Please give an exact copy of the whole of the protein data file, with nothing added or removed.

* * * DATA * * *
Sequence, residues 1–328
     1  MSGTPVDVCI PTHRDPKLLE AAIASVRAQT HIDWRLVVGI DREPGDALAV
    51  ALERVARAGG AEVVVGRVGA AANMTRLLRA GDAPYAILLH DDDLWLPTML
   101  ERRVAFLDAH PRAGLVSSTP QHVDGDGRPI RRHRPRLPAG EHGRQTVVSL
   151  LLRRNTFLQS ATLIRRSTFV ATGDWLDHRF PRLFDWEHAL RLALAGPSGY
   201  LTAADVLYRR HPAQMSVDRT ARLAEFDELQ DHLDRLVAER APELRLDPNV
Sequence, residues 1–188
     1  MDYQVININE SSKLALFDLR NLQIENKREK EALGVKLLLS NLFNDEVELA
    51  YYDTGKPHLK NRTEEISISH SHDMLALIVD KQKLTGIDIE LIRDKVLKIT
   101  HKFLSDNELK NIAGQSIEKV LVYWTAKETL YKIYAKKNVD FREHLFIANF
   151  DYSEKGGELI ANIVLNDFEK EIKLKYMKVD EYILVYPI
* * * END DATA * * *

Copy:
Sequence, residues 1–328
     1  MSGTPVDVCI PTHRDPKLLE AAIASVRAQT HIDWRLVVGI DREPGDALAV
    51  ALERVARAGG AEVVVGRVGA AANMTRLLRA GDAPYAILLH DDDLWLPTML
   101  ERRVAFLDAH PRAGLVSSTP QHVDGDGRPI RRHRPRLPAG EHGRQTVVSL
   151  LLRRNTFLQS ATLIRRSTFV ATGDWLDHRF PRLFDWEHAL RLALAGPSGY
   201  LTAADVLYRR HPAQMSVDRT ARLAEFDELQ DHLDRLVAER APELRLDPNV
Sequence, residues 1–188
     1  MDYQVININE SSKLALFDLR NLQIENKREK EALGVKLLLS NLFNDEVELA
    51  YYDTGKPHLK NRTEEISISH SHDMLALIVD KQKLTGIDIE LIRDKVLKIT
   101  HKFLSDNELK NIAGQSIEKV LVYWTAKETL YKIYAKKNVD FREHLFIANF
   151  DYSEKGGELI ANIVLNDFEK EIKLKYMKVD EYILVYPI